A Leadership Theory for the Social Order of Today

The Industrial Age shifted the world in so many ways and created a new social era for mankind. From a Progress Theory perspective, the assumption is that the Industrial Age moved mankind into a better existence (Bishop & Hines, 2012). However, it is possible for a strong argument to be made that the leadership style evolved in the Industrial Age may have not been a change of progress at all. The leadership that emerged during this time was largely based on control and the centralization of power (Northouse, 2013) by impressing the will of the leader and induce obedience, respect, loyalty, and cooperation (Moore, 1927). What has been shown repeatedly is that these top-down leadership structures built on bureaucracy paradigms are not the most effective choice in most cases; in fact, it is mostly effective in physical production, but proving ineffective in a knowledge-oriented economy (Uhl-Bien et al., 2007). Unfortunately, it has served as the foundation of many leadership approaches for the better part of a century and is increasingly ineffective in the Information Age (Northouse, 2013).

In contrast, the Information Age is ushering a new approach to leadership that may prove to be more effective.  As the economy increasingly leans toward information and knowledge, complexity science is suggesting a new paradigm in leadership: Complexity Leadership Theory (Uhl-Bien et al., 2007). This is a leadership theory that is more reflective of the social order of today. Hierarchical approaches to leadership are being met with increasing disdain because they offend the individual’s sense of importance. Complexity Leadership Theory does the exact opposite and creates a place at the table for everyone involved regardless of placement on the organizational chart by enabling the learning, creative, and adaptive capacity of those involved (Uhl-Bien et al., 2007).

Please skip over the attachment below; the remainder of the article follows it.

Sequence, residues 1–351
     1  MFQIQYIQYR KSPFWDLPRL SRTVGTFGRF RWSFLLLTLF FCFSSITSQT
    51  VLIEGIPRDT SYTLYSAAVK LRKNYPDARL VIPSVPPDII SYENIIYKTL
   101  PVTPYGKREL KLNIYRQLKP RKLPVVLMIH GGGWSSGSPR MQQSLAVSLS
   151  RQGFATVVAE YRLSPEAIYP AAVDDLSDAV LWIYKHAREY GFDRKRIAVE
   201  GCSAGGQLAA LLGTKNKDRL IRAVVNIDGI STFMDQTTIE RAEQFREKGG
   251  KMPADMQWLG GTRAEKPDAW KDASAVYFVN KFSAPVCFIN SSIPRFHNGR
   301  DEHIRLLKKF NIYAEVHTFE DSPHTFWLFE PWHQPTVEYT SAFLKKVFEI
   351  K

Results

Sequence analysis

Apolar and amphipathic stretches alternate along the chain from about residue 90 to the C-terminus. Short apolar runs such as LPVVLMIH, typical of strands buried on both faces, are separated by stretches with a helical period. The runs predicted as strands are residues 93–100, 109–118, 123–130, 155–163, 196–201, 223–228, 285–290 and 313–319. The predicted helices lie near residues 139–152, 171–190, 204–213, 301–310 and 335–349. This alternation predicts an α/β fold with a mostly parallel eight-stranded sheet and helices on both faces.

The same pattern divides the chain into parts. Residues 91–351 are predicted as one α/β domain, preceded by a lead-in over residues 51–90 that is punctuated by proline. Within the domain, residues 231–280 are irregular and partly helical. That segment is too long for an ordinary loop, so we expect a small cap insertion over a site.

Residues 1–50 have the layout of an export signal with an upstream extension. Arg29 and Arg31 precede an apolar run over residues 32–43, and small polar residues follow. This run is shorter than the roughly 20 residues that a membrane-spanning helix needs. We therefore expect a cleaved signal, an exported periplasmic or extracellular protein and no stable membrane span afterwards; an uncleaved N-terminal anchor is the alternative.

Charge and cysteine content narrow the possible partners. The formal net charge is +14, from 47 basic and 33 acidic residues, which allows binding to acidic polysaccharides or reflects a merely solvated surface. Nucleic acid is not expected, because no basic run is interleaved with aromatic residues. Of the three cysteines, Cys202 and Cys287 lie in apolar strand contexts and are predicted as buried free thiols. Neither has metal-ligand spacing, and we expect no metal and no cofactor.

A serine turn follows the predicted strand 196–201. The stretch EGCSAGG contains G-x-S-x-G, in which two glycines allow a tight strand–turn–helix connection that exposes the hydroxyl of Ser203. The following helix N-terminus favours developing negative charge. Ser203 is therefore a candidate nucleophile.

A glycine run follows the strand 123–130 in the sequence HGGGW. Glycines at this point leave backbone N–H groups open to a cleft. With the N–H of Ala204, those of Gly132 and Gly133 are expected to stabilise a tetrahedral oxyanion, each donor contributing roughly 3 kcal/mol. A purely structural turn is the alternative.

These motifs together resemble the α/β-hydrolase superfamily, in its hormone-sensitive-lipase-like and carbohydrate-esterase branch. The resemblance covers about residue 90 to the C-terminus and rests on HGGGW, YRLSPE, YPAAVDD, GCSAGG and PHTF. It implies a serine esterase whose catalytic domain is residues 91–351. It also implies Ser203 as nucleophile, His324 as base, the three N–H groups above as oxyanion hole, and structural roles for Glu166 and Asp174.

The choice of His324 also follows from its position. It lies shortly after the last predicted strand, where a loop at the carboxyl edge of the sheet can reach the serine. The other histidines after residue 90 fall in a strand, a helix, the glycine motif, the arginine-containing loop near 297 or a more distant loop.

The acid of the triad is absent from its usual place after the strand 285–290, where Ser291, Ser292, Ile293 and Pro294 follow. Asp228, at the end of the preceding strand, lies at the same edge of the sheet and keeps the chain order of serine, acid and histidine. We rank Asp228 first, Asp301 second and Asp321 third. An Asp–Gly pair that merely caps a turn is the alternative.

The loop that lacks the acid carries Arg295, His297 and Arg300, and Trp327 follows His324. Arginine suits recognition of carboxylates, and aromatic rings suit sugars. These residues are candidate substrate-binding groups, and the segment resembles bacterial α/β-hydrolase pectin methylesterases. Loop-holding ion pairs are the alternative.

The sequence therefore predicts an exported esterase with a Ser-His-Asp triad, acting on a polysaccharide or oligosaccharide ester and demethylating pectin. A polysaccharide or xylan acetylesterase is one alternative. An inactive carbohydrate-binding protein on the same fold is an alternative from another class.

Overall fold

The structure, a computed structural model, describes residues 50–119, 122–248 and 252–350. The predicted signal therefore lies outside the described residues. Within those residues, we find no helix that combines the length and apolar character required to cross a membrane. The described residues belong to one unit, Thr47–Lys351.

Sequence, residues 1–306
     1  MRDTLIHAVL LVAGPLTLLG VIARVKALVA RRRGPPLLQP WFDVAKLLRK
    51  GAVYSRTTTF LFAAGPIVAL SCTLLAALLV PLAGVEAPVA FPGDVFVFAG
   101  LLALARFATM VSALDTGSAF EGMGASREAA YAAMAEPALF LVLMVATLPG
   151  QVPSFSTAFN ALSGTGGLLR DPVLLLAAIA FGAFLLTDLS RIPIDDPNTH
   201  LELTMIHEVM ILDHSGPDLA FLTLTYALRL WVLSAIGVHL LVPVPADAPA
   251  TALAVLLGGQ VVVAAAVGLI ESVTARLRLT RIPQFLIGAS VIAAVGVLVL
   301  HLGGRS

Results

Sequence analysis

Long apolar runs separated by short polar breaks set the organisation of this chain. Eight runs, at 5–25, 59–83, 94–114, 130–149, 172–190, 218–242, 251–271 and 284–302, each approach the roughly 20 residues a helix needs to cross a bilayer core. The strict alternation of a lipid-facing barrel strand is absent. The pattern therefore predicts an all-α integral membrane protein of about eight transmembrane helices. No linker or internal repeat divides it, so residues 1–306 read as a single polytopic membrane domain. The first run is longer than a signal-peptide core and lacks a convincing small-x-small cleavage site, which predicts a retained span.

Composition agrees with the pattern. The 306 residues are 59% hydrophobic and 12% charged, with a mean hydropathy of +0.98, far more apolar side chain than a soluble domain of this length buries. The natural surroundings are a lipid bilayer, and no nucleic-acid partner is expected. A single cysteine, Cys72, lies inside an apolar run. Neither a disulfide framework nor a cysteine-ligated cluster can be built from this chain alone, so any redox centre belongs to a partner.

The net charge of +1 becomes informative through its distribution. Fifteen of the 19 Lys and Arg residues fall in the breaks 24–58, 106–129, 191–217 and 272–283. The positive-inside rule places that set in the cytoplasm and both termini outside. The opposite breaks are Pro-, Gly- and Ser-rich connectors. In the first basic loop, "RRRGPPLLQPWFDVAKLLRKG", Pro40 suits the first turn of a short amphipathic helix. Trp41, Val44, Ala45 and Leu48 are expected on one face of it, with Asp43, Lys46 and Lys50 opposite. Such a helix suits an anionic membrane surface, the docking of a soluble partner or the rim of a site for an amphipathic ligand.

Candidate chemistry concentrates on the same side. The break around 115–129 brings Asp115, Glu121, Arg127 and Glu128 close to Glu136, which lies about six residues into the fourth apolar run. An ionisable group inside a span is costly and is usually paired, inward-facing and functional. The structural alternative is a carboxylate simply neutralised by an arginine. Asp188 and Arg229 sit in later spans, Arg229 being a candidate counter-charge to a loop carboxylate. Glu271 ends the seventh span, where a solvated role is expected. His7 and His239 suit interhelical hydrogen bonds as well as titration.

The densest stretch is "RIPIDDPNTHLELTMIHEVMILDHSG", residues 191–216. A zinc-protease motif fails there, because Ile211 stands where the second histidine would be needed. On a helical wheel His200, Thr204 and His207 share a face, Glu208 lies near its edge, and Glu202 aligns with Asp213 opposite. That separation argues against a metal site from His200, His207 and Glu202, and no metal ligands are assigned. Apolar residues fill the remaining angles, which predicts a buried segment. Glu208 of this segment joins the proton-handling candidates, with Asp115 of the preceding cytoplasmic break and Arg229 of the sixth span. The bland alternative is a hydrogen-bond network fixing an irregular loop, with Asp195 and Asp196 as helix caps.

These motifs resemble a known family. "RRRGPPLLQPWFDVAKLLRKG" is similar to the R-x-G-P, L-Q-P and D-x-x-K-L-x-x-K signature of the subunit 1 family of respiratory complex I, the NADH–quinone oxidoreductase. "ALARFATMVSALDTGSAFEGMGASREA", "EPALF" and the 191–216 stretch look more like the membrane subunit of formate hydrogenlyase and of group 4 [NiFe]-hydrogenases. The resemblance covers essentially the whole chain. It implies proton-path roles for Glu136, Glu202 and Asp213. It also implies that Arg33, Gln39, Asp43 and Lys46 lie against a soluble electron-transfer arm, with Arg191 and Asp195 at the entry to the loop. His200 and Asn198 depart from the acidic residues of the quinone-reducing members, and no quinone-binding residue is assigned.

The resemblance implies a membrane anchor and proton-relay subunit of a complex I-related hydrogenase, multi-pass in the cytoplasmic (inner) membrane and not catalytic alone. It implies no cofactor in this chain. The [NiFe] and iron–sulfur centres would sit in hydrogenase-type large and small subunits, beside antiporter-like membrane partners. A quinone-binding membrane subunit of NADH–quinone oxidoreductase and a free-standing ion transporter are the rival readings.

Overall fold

Which style does your leadership look most like?

References

Bishop, P., & Hines, A. (2012). Social change. In Teaching about the future. New York, N.Y: Palgrave Macmillan.

Moore, B. V. (1927). The May conference on leadership. Personnel Journal, (iss. 6), 124–128.

Northouse, P. G. (2013). Leadership: theory and practice (6th ed). Thousand Oaks: SAGE.

Uhl-Bien, M., Marion, R., & McKelvey, B. (2007). Complexity Leadership Theory: Shifting leadership from the industrial age to the knowledge era. The Leadership Quarterly, 18(4), 298–318. https://doi.org/10.1016/j.leaqua.2007.04.002


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